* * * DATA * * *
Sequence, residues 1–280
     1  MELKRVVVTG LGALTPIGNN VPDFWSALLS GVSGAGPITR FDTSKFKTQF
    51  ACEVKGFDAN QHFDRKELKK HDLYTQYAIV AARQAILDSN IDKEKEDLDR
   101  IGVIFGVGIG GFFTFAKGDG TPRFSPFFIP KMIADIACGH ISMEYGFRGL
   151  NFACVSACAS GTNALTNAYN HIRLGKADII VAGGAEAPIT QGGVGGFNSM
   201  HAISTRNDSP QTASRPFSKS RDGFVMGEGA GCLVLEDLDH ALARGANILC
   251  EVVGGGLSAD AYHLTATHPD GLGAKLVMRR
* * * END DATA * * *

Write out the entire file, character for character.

Sequence, residues 1–280
     1  MELKRVVVTG LGALTPIGNN VPDFWSALLS GVSGAGPITR FDTSKFKTQF
    51  ACEVKGFDAN QHFDRKELKK HDLYTQYAIV AARQAILDSN IDKEKEDLDR
   101  IGVIFGVGIG GFFTFAKGDG TPRFSPFFIP KMIADIACGH ISMEYGFRGL
   151  NFACVSACAS GTNALTNAYN HIRLGKADII VAGGAEAPIT QGGVGGFNSM
   201  HAISTRNDSP QTASRPFSKS RDGFVMGEGA GCLVLEDLDH ALARGANILC
   251  EVVGGGLSAD AYHLTATHPD GLGAKLVMRR